Suggested Flies for Western Divide Area:
From Fresno, take Hwy 180 east into Grant Grove and follow the South Fork of the Kings River east. Roads End is 85 miles from Fresno and is at the end of Hwy 180 where it ends as a loop just past Cedar Grove Village within Kings Canyon National Park. Take the Avalanche Pass Trail off the Bubbs Creek Trail and proceed 13 miles to the Roaring River Ranger Station. Two trails leave the Ranger station reaching either Cloud or Deadman Canyon in 1.5 to 2 miles.
Josephine Lake: Go 4.5 miles up Cloud Canyon from the Roaring River Ranger Station. The area is called Cement Table Meadow. At this point you need to hike off-trail over Glacier Ridge to Josephine Lake. Josephine Lake is about 1.5 miles from Cement Table Meadow. Contain Rainbows, 9-12"
Roaring River (Cloud Canyon): Contains Browns and Rainbows 7-12". Golden-Hybrids above the confluence with Cunningham Creek.
Deadman Canyon Creek: Deadman Canyon Creek used to be known as Copper Canyon for a copper mine at the head of it's canyon. A Basque sheepherder was buried just above Ranger Meadow in 1887 by the name of Alfred Moniere and the canyon was referred to "Deadman Canyon" ever since..Mostly Brookies, 7-9 inches
Colby Lake: At 10,600 feet. Consists of Golden/Rainbow hybrids 6-9 inches.
Shorty's Cabin: During the early 1900's until 1960, Joseph Walter "Shorty" Lovelace was a contemporary mountain man that lived within the Sierra year round and trapped fur for a living. Born in 1886, Shorty grew up in Three Rivers with four brothers and a "pioneer" father. In 1911, the family started a compound just north of the Sequoia National Park in Crowley Canyon. Shorty decided to live there year round to earn a living as a fur trapper and spent the next 50 years as a trapper building approximately 36 small cabins from Tahipite Canyon to Cottonwood Lakes. His primary homebase was in Cloud Canyon. Most of his cabins have been destroyed but the Park Service restored two of his cabins at Cloud Meadow and Vidette Meadow. The cabins (6'x10') are designed for one with a stout nature, like Shorty, a low doorway and low (5'6") roof with a plank bed for sleeping, a rock fireplace and chimney. The floor was made of dirt. Shorty trapped Pine Martens, Fishers, and Wolverines through the Winter months, traveling by foot or on homemade skies. He would use Pine Martin skins on the skies to travel uphill. By the end of the trapping season, Shorty could make up to $2000 annually. In 1940, Kings Canyon National Park was eastablished and Shorty could no longer trap within the park's boundary. So Shorty went into the North Fork of the Kings and trapped there until he was 75 years old. He passed away two years later in 1963.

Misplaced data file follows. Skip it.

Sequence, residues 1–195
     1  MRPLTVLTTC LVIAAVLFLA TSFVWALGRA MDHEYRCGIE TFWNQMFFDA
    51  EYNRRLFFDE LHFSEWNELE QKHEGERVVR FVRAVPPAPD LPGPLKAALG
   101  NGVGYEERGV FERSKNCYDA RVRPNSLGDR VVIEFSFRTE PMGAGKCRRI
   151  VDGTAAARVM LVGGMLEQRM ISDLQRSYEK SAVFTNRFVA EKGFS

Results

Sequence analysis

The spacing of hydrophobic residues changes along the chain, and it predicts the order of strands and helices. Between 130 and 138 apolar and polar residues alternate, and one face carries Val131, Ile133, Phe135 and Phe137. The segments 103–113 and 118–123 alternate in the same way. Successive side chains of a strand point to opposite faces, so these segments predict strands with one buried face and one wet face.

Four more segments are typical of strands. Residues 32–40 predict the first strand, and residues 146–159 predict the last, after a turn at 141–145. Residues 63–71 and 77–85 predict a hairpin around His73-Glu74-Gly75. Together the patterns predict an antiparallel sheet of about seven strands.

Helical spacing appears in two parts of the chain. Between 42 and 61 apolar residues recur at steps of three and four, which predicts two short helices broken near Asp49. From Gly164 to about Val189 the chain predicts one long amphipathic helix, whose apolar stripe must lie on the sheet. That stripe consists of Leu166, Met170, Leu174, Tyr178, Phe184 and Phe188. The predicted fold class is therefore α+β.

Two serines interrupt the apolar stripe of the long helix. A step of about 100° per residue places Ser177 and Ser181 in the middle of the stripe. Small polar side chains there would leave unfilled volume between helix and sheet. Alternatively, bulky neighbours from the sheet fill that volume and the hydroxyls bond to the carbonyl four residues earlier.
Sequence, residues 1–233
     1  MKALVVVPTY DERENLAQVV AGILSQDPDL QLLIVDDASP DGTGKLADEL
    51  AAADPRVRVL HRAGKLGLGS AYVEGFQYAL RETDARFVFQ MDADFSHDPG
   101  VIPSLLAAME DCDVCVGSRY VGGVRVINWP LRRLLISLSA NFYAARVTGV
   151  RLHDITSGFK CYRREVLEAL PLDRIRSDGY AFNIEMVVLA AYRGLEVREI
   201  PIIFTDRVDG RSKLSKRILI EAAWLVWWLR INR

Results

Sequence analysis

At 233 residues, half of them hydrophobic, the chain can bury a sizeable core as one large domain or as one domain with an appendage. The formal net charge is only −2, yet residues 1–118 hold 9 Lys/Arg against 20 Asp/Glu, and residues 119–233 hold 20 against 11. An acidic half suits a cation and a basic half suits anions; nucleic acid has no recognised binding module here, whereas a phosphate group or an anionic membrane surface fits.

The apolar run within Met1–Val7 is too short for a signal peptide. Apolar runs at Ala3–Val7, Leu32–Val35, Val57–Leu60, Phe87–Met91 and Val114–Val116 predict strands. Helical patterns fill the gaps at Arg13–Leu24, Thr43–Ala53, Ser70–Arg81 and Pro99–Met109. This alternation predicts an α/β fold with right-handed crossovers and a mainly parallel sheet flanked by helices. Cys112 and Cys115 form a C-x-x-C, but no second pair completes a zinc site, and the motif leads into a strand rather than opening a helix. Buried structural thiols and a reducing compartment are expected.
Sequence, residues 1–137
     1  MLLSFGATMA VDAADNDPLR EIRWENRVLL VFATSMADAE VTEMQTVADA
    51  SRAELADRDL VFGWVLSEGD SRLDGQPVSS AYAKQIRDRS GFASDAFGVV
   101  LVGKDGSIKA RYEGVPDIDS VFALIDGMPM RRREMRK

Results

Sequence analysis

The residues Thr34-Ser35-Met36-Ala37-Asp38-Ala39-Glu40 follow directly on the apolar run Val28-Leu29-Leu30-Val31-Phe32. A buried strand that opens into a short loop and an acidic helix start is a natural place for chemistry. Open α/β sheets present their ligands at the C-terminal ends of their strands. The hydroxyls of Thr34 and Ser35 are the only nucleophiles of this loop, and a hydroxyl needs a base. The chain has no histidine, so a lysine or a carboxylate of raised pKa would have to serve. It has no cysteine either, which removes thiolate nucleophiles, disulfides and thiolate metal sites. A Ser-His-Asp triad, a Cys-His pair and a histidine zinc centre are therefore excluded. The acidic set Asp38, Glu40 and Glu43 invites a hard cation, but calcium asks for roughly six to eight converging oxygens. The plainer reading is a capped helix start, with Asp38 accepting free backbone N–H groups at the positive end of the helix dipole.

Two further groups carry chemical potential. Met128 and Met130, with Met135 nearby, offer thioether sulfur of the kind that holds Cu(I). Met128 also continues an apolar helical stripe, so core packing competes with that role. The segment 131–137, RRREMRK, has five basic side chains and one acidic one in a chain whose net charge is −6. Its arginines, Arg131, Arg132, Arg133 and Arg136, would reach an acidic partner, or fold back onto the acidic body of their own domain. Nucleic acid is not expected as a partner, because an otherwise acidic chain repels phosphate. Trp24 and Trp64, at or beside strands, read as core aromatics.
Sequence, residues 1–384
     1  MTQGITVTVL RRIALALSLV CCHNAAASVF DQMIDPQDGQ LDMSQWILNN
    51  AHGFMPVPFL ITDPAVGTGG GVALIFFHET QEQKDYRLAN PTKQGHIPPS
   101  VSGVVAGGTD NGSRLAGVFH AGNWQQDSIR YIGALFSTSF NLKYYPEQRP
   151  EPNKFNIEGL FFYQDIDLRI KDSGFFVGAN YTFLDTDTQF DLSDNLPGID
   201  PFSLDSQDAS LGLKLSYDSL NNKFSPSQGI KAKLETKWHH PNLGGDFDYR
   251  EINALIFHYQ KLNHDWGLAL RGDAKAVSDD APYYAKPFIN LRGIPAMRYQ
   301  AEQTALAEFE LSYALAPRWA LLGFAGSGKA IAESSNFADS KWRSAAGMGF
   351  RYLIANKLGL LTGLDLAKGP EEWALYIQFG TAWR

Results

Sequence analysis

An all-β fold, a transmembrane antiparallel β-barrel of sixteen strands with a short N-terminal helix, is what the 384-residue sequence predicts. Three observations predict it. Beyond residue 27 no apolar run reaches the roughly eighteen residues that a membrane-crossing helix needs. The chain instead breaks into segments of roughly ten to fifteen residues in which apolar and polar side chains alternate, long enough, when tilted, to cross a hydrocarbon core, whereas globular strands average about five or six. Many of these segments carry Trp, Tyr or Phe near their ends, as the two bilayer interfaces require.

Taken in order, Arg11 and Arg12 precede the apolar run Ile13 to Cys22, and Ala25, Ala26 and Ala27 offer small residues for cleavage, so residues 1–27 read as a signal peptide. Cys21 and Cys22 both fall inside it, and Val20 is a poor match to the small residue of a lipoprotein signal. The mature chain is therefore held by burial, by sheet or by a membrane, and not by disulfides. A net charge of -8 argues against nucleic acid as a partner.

Fishing Regulations (Effective March 1st, 2021)
All Lakes and Reservoirs in Kings Canyon NP:Open all year. 5 trout. 10 in possession. No gear restrictions.
All creeks and tributaries:From the last Saturday in April through November 15, five trout daily bag limit, 10 trout in possession; and, from November 16 through the Friday preceding the last Saturday in April, 0 trout bag limit, artificial lures with barbless hooks only and trout must be released unharmed and not removed from the water.